“I've gone into homes that don't necessarily have proper furniture, or there are fleas everywhere," Westbrook said. "Dogs aren't thinking about it that way because they're getting food, getting love, and they have shelter."
No matter what your means are, the decision to take in a dog, or any pet, is a pretty standard side-effect of having a big heart. Like one CDRC client who, despite suffering from cancer and raising her three elementary school-age grandchildren, rescued a stray chihuahua because she was so heartbroken seeing it out on the street every day. Or the many local residents who adopt puppies from overwhelmed neighbors whose dogs have a litter.
“There have been homes that I've gone into and looked around and thought, 'You know, they really need the money from these puppies,'" Westbrook observed. "That's when your whole experience changes. When you realize that they were breeding their dog to survive — to feed their human children."
Making sure the CDRC's services reach the people who need them most has meant working hard to gain community confidence, which Westbrook and her team continue to do every day.
“This morning I picked up eight pit bulls from one woman's house to be spayed or neutered," she said. "It literally took me talking on the phone with her and going to her house in person twice, talking on the phone at least five times, for her to believe that I was not the dog pound. That I wasn't going to take her dogs and not bring them back. You just have to establish trust because a lot of time they've been burned by authorities in the past."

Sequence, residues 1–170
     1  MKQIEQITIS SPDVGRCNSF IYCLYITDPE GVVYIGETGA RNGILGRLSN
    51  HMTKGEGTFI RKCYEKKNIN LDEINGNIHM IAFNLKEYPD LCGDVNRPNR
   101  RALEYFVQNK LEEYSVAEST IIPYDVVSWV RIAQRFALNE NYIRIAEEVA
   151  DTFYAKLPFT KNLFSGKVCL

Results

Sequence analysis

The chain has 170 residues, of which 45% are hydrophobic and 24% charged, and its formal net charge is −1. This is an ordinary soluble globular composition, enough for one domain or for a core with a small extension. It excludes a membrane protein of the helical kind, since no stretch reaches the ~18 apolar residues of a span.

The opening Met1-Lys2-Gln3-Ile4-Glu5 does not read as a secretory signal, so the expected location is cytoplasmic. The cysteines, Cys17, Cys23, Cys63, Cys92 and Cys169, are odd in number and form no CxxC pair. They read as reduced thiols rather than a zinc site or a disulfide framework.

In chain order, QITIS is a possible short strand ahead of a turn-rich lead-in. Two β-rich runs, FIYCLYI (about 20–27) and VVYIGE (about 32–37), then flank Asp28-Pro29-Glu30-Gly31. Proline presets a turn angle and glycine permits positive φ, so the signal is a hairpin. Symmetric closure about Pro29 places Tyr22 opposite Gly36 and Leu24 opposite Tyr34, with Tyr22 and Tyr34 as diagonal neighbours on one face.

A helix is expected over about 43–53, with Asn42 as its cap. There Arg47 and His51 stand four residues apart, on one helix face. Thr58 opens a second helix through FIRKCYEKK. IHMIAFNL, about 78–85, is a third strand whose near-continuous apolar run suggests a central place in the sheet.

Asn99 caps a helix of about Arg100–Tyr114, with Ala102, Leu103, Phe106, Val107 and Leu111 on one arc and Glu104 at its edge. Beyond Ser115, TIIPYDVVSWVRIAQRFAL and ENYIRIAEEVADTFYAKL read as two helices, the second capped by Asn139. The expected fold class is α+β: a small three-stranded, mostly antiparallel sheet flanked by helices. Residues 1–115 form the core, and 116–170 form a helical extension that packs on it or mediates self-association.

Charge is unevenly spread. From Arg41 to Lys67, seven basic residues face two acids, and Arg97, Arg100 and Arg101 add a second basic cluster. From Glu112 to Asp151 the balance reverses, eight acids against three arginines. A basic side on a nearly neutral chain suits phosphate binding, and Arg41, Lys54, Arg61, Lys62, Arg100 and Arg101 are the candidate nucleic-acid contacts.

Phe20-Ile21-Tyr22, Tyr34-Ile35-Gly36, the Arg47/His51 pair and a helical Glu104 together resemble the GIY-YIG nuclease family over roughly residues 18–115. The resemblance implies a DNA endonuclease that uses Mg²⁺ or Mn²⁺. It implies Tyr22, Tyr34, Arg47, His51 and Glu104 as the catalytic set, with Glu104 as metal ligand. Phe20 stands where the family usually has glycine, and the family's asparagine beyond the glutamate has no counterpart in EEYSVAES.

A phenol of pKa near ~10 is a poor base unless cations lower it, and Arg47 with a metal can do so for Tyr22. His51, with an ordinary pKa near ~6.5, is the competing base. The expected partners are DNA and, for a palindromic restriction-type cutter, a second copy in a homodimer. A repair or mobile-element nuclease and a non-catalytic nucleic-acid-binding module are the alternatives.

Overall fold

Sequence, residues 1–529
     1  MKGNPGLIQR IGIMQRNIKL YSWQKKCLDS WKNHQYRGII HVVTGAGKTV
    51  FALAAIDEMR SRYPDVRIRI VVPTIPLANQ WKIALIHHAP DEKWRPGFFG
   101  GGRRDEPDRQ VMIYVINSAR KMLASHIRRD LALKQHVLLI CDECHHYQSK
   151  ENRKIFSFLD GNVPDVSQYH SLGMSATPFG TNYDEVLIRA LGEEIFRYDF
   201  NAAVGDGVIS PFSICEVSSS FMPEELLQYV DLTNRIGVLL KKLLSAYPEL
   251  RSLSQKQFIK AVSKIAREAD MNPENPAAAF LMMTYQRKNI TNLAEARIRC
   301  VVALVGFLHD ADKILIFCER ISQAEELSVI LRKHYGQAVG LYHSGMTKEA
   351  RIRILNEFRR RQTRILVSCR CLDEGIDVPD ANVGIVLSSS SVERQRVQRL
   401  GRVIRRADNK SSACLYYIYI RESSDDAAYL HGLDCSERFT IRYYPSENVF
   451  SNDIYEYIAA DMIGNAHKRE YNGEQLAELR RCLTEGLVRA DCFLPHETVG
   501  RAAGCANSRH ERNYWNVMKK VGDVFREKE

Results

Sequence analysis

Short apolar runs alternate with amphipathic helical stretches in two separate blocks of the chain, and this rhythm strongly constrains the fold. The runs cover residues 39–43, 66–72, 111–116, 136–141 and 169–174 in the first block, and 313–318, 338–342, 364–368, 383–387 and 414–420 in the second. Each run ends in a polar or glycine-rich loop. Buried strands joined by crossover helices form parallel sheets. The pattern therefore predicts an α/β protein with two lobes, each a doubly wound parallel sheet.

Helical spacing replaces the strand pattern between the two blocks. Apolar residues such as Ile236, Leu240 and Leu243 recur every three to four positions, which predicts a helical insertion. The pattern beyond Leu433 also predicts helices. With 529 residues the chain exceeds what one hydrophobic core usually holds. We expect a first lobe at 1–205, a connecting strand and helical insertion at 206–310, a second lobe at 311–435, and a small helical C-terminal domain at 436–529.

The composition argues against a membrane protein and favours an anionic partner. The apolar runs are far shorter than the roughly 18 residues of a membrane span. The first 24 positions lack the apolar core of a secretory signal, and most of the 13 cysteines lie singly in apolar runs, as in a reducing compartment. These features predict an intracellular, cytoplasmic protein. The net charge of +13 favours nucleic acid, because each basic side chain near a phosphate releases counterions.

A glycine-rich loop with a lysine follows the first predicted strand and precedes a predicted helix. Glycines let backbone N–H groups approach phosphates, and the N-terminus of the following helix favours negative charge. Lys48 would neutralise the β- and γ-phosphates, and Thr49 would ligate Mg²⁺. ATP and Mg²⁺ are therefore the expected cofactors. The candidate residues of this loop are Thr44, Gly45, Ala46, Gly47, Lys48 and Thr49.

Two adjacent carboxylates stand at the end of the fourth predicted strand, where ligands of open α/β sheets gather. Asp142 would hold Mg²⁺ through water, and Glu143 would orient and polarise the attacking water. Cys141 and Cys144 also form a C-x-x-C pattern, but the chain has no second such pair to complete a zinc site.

“Establish trust. Build relationships, go in judgment-free, and you can actually end up meeting some really amazing people."
The CDRC is still a small operation. It can't prevent every West Louisville pet from becoming homeless. It can't be residents' only source of dog food, flea and tick medication, and vet care.
What it can do is provide an invaluable service: help without judgment.
“We really operate in a judgment-free zone," Westbrook explained. "If people aren't ready to get their pet spayed or neutered, that's OK. We'll ask you again next month. We're going to tell you all about the benefits, and we're going to tell you how much it's going to help your dog health-wise and how much it's going to help your community and how much money it's going to save you in the long run. Yes, we're going to tell you all those things, but if you're not ready yet, that's OK. We're not going to tell you to leave either."
The hard work and acceptance seems to have paid off. To date, according to Westbrook, the CDRC has assisted over 2,000 dog owners with free services and spayed and neutered over 160 pets.
Animal surrenders in the Portland area are down 13% since the CDRC opened its doors in 2014.
The organization still has bigger goals it would like to meet, and it remains to be seen whether its model can be duplicated elsewhere. But for the moment, its remarkable success comes down to its guiding philosophy:
“No matter where you come from, what you look like, yes, we will help you and your pet."